Disclosure: Nothing to disclose.

Specialty Editor Board

Francisco Talavera, PharmD, PhD Adjunct Assistant Professor, University of Nebraska Medical Center College of Pharmacy; Editor-in-Chief, Medscape Drug Reference

Disclosure: Received salary from Medscape for employment. for: Medscape.

Sean P Scully, MD 

Sean P Scully, MD is a member of the following medical societies: American Academy of Orthopaedic Surgeons, International Society on Thrombosis and Haemostasis, Society of Surgical Oncology

Disclosure: Nothing to disclose.

Chief Editor

Harris Gellman, MD Consulting Surgeon, Broward Hand Center; Voluntary Clinical Professor of Orthopedic Surgery and Plastic Surgery, Departments of Orthopedic Surgery and Surgery, University of Miami, Leonard M Miller School of Medicine, Clinical Professor, Surgery, Nova Southeastern School of Medicine

Harris Gellman, MD is a member of the following medical societies: American Academy of Medical Acupuncture, American Academy of Orthopaedic Surgeons, American Orthopaedic Association, American Society for Surgery of the Hand, Arkansas Medical Society

Disclosure: Nothing to disclose.

Additional Contributors

Howard A Chansky, MD Associate Professor, Department of Orthopedics and Sports Medicine, University of Washington Medical Center

Howard A Chansky, MD is a member of the following medical societies: American Academy of Orthopaedic Surgeons

Disclosure: Nothing to disclose.

Acknowledgements

H Kurtis Biggs, DO Consulting Staff, Department of Orthopedics, Doctors Hospital of Stark County

Disclosure: Nothing to disclose.

Mark McFarland, DO Staff Physician, Department of Orthopedics, Doctors Hospital of Stark County

Disclosure: Nothing to disclose.

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Aneurysmal bone cyst of the upper arm. Courtesy of Johannes Stahl, The Virtual Radiological Case Collection.
Aneurysmal bone cyst of the upper arm. Courtesy of Johannes Stahl, The Virtual Radiological Case Collection.
Aneurysmal bone cyst affecting the lumbar spine. Courtesy of Nick Oldnall, Index: Spine.
Aneurysmal bone cyst of the upper arm in a 13-year-old female adolescent. Left to right, the radiographs were obtained over a period of approximately 2 months. Courtesy of Armed Forces Institute of Pathology.
Aneurysmal bone cyst of the upper arm in an 18-year-old woman. Note the cortical erosion and slight expansion. Courtesy of Armed Forces Institute of Pathology.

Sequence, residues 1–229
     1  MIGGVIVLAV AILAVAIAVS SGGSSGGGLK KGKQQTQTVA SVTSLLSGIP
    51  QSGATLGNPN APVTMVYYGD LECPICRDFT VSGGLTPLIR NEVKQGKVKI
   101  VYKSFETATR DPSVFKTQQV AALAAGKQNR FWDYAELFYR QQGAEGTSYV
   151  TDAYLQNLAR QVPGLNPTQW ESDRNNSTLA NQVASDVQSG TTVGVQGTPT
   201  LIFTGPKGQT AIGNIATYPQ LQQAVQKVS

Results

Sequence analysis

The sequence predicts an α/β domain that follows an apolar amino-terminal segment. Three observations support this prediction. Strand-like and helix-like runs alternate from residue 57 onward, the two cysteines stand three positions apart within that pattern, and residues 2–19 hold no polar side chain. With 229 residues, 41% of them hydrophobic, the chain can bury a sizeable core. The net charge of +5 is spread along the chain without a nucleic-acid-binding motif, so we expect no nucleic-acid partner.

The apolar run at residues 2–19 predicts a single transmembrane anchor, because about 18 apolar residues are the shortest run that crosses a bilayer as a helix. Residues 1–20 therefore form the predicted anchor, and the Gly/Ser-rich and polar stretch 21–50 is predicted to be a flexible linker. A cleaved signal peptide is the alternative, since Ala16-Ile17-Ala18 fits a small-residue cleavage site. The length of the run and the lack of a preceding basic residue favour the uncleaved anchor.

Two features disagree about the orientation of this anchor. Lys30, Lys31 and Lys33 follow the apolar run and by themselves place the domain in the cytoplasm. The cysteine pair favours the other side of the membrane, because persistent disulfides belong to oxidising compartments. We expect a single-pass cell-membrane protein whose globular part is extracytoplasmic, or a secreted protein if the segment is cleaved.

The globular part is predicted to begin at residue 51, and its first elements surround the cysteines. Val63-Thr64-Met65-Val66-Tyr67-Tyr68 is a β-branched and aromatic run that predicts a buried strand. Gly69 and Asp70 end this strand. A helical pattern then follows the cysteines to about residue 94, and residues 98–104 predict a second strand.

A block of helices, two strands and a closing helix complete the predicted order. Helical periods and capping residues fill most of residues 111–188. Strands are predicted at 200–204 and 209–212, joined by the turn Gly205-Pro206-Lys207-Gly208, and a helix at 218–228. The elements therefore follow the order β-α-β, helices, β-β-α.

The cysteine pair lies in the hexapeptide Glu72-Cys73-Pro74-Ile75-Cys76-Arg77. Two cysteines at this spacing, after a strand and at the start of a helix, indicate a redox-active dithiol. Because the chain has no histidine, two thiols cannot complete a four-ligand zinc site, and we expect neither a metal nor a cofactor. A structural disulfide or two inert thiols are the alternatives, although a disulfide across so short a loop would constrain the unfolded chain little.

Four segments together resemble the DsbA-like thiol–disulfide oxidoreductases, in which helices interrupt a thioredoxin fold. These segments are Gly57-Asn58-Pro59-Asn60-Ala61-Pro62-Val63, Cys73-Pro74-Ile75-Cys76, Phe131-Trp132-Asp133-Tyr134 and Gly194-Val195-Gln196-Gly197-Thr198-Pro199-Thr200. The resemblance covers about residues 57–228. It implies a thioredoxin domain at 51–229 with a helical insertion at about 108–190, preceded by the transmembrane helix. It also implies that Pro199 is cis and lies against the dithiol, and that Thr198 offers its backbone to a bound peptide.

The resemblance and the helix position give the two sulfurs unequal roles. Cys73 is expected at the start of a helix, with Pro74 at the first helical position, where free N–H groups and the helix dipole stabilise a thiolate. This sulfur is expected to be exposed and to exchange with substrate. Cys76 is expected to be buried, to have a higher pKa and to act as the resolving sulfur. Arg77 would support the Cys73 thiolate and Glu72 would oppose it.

Aneurysmal bone cyst of the upper arm. Used with permission from the American Registry of Pathology. Courtesy of Armed Forces Institute of Pathology.
Aneurysmal bone cyst of the upper arm. Used with permission from the American Registry of Pathology. Courtesy of Armed Forces Institute of Pathology.
In this histologic image, the vascular spaces vary widely in size and shape, and the septa range from thin to broad. Well-formed bone is focally present. Courtesy of Armed Forces Institute of Pathology.
In this histologic image, the septum contains fibroblasts, mononuclear histiocytelike cells, multinucleated giant cells, and capillaries. The lining of the large vascular spaces may be indistinct or consist of a single layer of attenuated stromal cells, as seen here. Used with permission from the American Registry of Pathology. Courtesy of Armed Forces Institute of Pathology.
This histologic image demonstrates lesional tissue that abuts the striated tissue where the cortex has been completely destroyed. Used with permission from the American Registry of Pathology. Courtesy of Armed Forces Institute of Pathology.
This histologic image shows a fibrous septum that contains a long strand of osteoid that appears to have buckled in the center. Used with permission from the American Registry of Pathology. Courtesy of Armed Forces Institute of Pathology.
Aneurysmal bone cyst of distal radius in 11-year-old male. Note multiple septations, lytic cyst cavity, and extensive cortical thinning and expansion wider than adjacent distal radius physis in both anteroposterior and lateral planes.
Axial and sagittal T2-weighted MRI of distal femoral aneurysmal bone cyst. Note multiple fluid-fluid levels throughout lesion consistent with multiple blood-filled cavities separated by small septa.